When a sharp pain in his abdomen landed Craig Blackman in a local emergency department, he asked for answers. Test after test, doctors could not determine the root cause of his pain. Suggestions of stones in his bile duct, a tumor in the pancreas and pancreatitis, were all investigated. Finally, he underwent an ERCP, endoscopic retrograde cholangiopancreatography, a typical diagnostic test for location of stones, but none were detected. Mr. Blackman, of Medford saw Dr. Adam Elfant, Director of Therapeutic Endoscopy at the Cooper Digestive Health Institute for a procedure called SpyGlass™. Cooper is the only center in the region utilizing a new state-of-the-art direct visualization system known as SpyGlass ™. SpyGlass™ uses a precise fiber-optic camera, not much bigger than a pencil point, that is inserted through a catheter (or tube) into the upper digestive tract. Threaded through the stomach and into the bile ducts, the physician can “steer” the camera in four directions allowing them to pinpoint the exact spot they want to examine.
Steel beams and construction vehicles will once again enter the Cooper Plaza neighborhood as development plans progress for a 25-unit condominium building on New and 7th streets. “The Cooper” will provide needed housing for existing Camden residents and for Cooper employees. It will also help create a safe, vibrant neighborhood for people to live and work.
In an effort to alleviate overcrowding in the Emergency Department (ED) and ensure that patients get the medical care they need in a comfortable environment, Cooper University Hospital has opened the new Clinical Decision Unit (CDU). This unit is for low risk patients who require further observation before a decision can be made to admit them to the hospital or send them home. Now, instead of spending the night in the ED, these patients get the observation they need in a hospital room on the CDU. The CDU consists of 18 beds on the tenth floor of the hospital equipped with telemetry capability. “The patients who are transferred there are patients first seen in the ED. These patients require observation and evaluation to determine whether they need to be admitted to the hospital or discharged after a period of observation,” said Gina Marone, R.N., M.S.N., Senior Director of Patient Care Services. “Examples of some of the most common ailments that require further observation are asthma, low risk chest pain or abdominal pain, mild congestive heart failure, pneumonia and dehydration.” The CDU staff is a multi-specialty team of physicians, nurses and case managers who are focused on quickly providing the necessary clinical tests to enable patients to progress efficiently with their care. The goal is to evaluate a patient and make a decision within 24 hours. “We safely expedite our patients’ care through their course of treatment in the hospital in order to get them back home or admit them if indicated,” Marone explained. “The CDU’s focus enables us to accomplish this while also being fiscally prudent with hospital resources, which is an added benefit."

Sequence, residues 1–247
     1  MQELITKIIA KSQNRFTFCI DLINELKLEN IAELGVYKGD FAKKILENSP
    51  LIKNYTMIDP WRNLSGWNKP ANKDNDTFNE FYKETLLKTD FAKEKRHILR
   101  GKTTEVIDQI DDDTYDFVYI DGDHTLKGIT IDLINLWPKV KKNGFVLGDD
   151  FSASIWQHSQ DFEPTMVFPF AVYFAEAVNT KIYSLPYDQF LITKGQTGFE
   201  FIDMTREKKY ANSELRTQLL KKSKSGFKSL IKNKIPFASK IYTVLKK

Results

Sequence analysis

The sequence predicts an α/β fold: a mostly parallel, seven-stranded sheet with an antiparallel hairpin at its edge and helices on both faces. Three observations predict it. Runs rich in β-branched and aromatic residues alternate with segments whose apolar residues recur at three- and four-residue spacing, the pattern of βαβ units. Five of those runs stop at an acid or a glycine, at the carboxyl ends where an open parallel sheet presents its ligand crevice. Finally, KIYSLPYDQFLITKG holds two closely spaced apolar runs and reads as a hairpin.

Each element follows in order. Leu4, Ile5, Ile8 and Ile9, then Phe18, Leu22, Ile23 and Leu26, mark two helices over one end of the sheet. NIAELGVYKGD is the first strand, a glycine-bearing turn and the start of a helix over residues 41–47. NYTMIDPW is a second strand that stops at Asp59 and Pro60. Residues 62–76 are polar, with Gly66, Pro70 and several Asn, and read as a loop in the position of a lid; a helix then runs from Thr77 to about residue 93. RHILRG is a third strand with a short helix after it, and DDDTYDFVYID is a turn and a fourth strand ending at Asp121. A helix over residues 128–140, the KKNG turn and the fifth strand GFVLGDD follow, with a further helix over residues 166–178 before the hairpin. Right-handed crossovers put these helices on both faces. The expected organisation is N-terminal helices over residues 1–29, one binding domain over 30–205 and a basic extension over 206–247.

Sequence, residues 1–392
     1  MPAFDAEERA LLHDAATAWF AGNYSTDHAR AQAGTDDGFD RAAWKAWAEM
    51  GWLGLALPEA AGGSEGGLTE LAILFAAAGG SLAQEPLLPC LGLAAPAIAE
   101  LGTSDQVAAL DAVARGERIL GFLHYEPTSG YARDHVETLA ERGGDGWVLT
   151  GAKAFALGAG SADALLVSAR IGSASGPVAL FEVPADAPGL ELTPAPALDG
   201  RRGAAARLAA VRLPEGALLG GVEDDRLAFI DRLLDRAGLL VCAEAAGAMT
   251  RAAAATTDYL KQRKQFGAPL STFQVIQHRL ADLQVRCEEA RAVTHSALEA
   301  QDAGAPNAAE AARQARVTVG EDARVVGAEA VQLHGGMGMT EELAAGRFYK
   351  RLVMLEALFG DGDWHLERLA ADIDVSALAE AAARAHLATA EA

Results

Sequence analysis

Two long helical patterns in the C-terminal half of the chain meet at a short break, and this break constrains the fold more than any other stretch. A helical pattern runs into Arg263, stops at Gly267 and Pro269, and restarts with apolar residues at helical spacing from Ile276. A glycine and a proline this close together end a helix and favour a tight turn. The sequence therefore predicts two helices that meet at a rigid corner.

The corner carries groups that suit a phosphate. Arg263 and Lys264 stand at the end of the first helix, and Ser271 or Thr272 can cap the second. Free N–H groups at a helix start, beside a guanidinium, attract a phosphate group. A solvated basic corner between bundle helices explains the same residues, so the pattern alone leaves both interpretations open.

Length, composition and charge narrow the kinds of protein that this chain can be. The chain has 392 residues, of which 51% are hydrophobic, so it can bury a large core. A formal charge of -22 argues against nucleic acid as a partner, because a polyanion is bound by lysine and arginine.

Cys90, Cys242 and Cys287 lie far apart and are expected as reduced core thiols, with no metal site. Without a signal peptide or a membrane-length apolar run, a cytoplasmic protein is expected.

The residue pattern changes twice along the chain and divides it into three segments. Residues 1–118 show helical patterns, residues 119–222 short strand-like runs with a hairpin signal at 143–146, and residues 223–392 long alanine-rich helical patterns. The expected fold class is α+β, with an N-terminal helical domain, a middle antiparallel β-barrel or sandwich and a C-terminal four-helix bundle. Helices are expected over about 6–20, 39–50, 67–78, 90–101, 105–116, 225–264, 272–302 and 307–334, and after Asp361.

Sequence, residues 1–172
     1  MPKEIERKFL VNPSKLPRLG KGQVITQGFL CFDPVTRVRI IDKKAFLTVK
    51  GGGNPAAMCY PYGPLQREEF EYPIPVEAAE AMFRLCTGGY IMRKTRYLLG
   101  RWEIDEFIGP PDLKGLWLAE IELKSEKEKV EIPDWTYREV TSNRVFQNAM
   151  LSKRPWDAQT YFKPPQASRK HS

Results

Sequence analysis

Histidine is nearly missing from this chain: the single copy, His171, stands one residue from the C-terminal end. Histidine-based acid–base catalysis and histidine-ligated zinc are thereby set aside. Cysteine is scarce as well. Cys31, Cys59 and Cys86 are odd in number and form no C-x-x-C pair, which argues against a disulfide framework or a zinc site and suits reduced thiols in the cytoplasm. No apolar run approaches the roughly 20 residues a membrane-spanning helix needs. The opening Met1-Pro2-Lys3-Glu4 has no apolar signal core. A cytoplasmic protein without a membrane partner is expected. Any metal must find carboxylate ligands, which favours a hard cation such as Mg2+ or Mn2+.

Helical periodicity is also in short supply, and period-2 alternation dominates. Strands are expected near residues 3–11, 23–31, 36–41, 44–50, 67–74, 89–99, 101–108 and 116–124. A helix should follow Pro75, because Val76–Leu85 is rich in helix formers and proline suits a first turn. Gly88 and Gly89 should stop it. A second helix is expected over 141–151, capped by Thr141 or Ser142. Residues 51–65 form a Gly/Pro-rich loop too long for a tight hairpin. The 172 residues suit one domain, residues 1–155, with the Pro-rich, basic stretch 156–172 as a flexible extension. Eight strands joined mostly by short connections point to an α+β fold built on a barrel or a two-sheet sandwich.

Over the decades, school nurses, athletic trainers and coaches have had to expand their technical and educational skills to handle new and increasingly complicated health issues facing children today. Some of these conditions include: diabetes, child obesity, sleep disorders and ADHD (Attention-Deficit Hyperactivity Disorder). The Nurses Education Series offers training from Cooper physicians to provide useful information and resources to this core group of community care givers.